Most helpful positive review
138 of 140 people found the following review helpful
I just took the CAT-ASVAB, after reading two study books including this one
on December 19, 2010
I know how important it is to find a "good review" especially for a book that could help shape your military career, which is precisely why I decided to take the time to write about my CAT-ASVAB experience after reading two study books, taking numerous practice exams, and then re-reading the study books all over again.
First, some of you might be wondering what score I made (I know I would be too). I got a 95%, qualifying me for virtually every program in the military. My best sections were Mathematics Knowledge, Paragraph Comprehension, Electronics Information, and tied for fourth were General Science, Arithmetic Reasoning, Mechanical Comprehension, Assembling Objects, and Word Knowledge. In all of these sections I scored higher than 60. Now that we've established my credibility for this particular subject, let us move on to the review of the study material(s) themselves, and to what extent they helped in preparing me for the exam.
The two books I read were "Master The ASVAB: by Scott A Ostrow, Therese DeAngelis" and "McGraw-Hill's ASVAB, Second Edition" (book titles should always be underlined, but not sure how to do that at the moment). My favorite of the two was "Master the ASVAB: by Scott A Ostrow" because I felt the practice exams were more difficult especially since they are timed. The practice exams for McGraw-Hill's ASVAB were pretty good too, but they just didn't quite feel like the real thing since the tests were not timed. Both books were comprehensive, sparing no expense in covering everything that could (emphasis added) show up on the ASVAB. I'm going to re-emphasize the word "could" because it is likely that 90% of the material won't.
I know this might sound like good news to those of you looking for an advantage, but, the truth is, most of the questions I saw on the exam were not directly covered in the study books. For the mathematically-minded, I will quantify the word "most". By "most" I mean 75-80% of the questions on the exam will not directly be covered in these study books I've listed.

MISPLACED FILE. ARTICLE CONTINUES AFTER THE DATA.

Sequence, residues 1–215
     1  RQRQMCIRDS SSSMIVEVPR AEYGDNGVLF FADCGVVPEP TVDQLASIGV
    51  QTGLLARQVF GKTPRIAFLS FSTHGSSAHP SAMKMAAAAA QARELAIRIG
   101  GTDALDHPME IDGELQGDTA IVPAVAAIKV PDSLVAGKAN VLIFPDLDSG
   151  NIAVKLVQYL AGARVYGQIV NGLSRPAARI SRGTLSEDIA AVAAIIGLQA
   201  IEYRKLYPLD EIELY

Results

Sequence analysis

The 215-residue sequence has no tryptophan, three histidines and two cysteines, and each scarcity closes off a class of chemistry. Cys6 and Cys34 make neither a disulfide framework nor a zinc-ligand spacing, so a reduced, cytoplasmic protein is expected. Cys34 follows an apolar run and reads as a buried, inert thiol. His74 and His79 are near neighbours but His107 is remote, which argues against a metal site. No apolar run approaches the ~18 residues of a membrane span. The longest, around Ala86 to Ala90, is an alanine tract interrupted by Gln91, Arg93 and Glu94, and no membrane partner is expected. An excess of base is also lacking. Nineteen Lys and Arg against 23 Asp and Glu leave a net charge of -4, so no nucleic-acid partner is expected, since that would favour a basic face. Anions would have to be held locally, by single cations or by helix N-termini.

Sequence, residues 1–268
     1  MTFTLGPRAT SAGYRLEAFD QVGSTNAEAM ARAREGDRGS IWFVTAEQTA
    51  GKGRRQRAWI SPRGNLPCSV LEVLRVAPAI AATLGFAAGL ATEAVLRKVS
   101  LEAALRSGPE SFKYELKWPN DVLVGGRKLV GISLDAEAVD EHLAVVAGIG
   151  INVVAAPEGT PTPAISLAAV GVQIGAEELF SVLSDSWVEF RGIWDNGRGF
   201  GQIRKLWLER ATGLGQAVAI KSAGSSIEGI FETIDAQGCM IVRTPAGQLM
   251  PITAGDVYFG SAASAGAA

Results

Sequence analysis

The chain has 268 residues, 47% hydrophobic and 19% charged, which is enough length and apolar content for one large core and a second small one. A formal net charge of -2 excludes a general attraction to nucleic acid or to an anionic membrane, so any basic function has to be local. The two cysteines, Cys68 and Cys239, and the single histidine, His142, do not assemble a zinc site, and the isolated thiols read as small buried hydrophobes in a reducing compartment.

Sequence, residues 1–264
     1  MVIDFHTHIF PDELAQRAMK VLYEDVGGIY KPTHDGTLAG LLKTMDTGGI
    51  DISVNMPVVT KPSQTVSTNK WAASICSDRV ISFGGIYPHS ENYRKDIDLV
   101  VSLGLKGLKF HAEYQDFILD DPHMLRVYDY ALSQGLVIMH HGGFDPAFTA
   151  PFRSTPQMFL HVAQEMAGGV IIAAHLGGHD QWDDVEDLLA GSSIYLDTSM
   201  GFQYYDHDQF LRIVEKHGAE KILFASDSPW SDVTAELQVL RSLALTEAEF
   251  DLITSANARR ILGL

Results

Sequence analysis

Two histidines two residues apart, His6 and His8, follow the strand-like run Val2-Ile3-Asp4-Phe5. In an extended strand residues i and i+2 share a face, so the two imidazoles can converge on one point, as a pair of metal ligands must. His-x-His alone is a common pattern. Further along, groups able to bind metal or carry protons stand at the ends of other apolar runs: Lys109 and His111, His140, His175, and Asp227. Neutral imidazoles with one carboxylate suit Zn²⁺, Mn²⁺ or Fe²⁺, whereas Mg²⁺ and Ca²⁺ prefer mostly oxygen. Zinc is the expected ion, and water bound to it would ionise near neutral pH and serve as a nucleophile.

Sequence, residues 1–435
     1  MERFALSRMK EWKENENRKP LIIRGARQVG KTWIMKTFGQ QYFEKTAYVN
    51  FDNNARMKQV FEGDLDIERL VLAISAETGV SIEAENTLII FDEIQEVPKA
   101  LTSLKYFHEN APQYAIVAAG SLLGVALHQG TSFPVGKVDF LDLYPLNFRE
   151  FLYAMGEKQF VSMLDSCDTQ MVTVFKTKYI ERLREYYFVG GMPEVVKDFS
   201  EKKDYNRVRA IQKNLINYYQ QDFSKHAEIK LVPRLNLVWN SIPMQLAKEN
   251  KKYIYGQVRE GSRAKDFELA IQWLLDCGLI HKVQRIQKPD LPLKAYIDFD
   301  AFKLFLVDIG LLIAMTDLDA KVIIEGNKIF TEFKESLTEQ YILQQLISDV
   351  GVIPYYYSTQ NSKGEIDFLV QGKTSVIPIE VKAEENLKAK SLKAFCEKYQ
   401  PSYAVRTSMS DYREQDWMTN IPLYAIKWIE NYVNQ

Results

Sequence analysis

This may sound like a bummer to some and good news to those whom subscribe to the notion that you can't study for this exam, but there is some silver lining here if you continue reading. What the study materials do well is familiarize you with general content and subjects, which will enable you to be a "better guesser". There were a lot of questions, for example, in the General Science section that I guessed on, but I've confident I probably got most of them right since I was able to eliminate choices that were obviously incorrect, thanks to my trusty ASVAB study companions.
Furthermore, I think both books do a tremendous job familiarizing you with the type of Mathematics questions you could see as well as Arithmetic Reasoning, Mechanical Comprehension, and Electronics Information. Keep in mind though, that if you are taking the CAT-ASVAB, everyone's questions could be potentially different. In my Math section, I had Logarithm questions, while other military candidates did not (Thank God I took College Algebra recently before I took the test!) These sections combined make up the 20-25% of the exam which are covered directly in the ASVAB study companions.
To conclude, if I had to go through it all over again, I would not change how I prepared for the exam. Probably the most important element to test-taking (also known as the "X-factor) is Confidence. If you don't have confidence going into an exam, you are likely to second-guess yourself every step of the way. Confidence is probably the greatest gift these books could give since you should already have a good idea of the format of the exam, as well as questions that could (emphasis added for the last time) show up.
Don't listen to all the idiots that are trying to convince you NOT to study for the exam. In today's education system, where public schools are as wry as Fox News, you can't afford to take your chances especially with something as important as deciding what job you're going to be doing in the Military.
If you've made it this far in my review, it tells me you really care about your future. Just remember one thing, Study your a** off so only You can decide what job your a** will be doing for the next 4-6 years, and not the drones down in MEPS. Trust me, they are not your friends, and I'm not either. Which is precisely why I'm telling you to study as much as you can so that you don't need any friends and you can do whatever the H** you want to do in the Military.
Good luck and Happy Test Taking,,,